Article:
They say it takes a village and, in the case of the JCC Maccabi Games set to launch here on Sunday, we can see that, at the very least, it takes a generous — and organized — community.
As detailed in this week's cover story, the logistics required to put these games together are mind-boggling. Kudos go to Beth Segal, director of the games, and the Kaiserman JCC staff and lay leaders who have worked tirelessly to make the dream of bringing the games back to Philadelphia a reality.
Hearty kudos also to the close to 400 families who have opened their homes so the visiting athletes can have a comfortable bed, some home-cooked meals and fellow teens to relate to.
For the kids, of course, a big part of the experience is the thrill of competing. What kid doesn't want to win?
But clearly more than the medals matter.
As the Maccabi mission statement puts it, one goal is "to cultivate a deeper understanding and instill an appreciation of Jewish values within Jewish youth, enrich their Jewish identity in an informal setting and encourage their identification with the State of Israel."
There aren't too many sports competitions that also include a day of community service, which provides yet another opportunity for the youth to connect — with each other and the world around them.
For many of these teens, the Maccabi experience serves as a primary — and sometimes their only — connector to Jewish life. For some, it's the first time that they can look around a basketball court or a soccer field and feel a rush of pride in their Jewish heritage.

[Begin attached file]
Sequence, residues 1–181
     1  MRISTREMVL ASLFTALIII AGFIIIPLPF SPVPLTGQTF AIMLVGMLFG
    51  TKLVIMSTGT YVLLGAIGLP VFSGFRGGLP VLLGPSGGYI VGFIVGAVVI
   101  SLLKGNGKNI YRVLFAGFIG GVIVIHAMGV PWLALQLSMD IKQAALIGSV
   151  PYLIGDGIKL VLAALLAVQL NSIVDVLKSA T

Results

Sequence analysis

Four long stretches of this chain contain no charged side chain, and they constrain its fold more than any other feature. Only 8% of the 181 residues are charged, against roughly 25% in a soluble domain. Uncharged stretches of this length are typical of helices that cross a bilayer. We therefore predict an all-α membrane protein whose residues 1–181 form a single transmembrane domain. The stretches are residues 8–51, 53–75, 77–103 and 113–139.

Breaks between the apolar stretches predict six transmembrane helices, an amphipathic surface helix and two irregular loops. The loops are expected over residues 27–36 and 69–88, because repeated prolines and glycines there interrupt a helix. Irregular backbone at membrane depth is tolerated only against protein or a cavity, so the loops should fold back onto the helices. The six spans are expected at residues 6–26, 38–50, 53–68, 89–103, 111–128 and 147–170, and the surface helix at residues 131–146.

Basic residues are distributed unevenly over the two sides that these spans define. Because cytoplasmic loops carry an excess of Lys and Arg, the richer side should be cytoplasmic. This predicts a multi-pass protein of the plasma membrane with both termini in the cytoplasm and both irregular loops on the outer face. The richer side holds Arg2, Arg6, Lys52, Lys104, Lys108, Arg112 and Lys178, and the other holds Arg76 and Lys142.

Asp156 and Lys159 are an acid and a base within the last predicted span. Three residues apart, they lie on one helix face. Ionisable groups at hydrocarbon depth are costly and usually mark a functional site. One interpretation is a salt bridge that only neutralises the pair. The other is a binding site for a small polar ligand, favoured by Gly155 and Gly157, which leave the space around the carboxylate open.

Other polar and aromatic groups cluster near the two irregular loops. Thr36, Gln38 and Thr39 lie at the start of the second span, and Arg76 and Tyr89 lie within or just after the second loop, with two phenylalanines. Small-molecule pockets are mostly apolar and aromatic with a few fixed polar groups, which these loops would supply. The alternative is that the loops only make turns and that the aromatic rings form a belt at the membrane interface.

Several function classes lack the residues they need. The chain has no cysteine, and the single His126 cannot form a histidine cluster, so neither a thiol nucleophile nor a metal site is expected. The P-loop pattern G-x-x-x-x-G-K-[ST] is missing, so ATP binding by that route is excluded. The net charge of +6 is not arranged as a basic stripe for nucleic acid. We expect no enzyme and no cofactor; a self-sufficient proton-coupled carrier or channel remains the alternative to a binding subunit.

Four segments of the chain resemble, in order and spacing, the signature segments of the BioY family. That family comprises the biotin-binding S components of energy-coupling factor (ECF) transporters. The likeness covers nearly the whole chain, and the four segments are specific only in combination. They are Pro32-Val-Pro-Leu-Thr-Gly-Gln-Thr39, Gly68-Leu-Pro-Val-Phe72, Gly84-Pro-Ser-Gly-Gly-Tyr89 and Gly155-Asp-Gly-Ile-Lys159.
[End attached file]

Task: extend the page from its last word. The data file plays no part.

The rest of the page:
The fact that some teens come back time after time until they are no longer eligible — and then sometimes return as coaches, just to stay connected — is testament to the powerful experience that this Olympics-like program can have.
In this age of hyperconnectivity, the friendships that are forged on the field can become an instant part of a teen's inner circle of Facebook friends and AIM buddies.
The worldwide Maccabi apparatus should take advantage of the various social media that keep this new generation of Maccabi athletes connected in order to create follow-up opportunities for Jewish engagement.
For now, however, it's all about the games.
With 1,500 athletes and coaches set to descend on the city from around the country and around the world, we wish the athletes, their families and the organizers a rewarding — and safe — experience.
As if Phillies fever weren't enough for the sports enthusiasts in our midst, for the next week, at least, there's another game in town.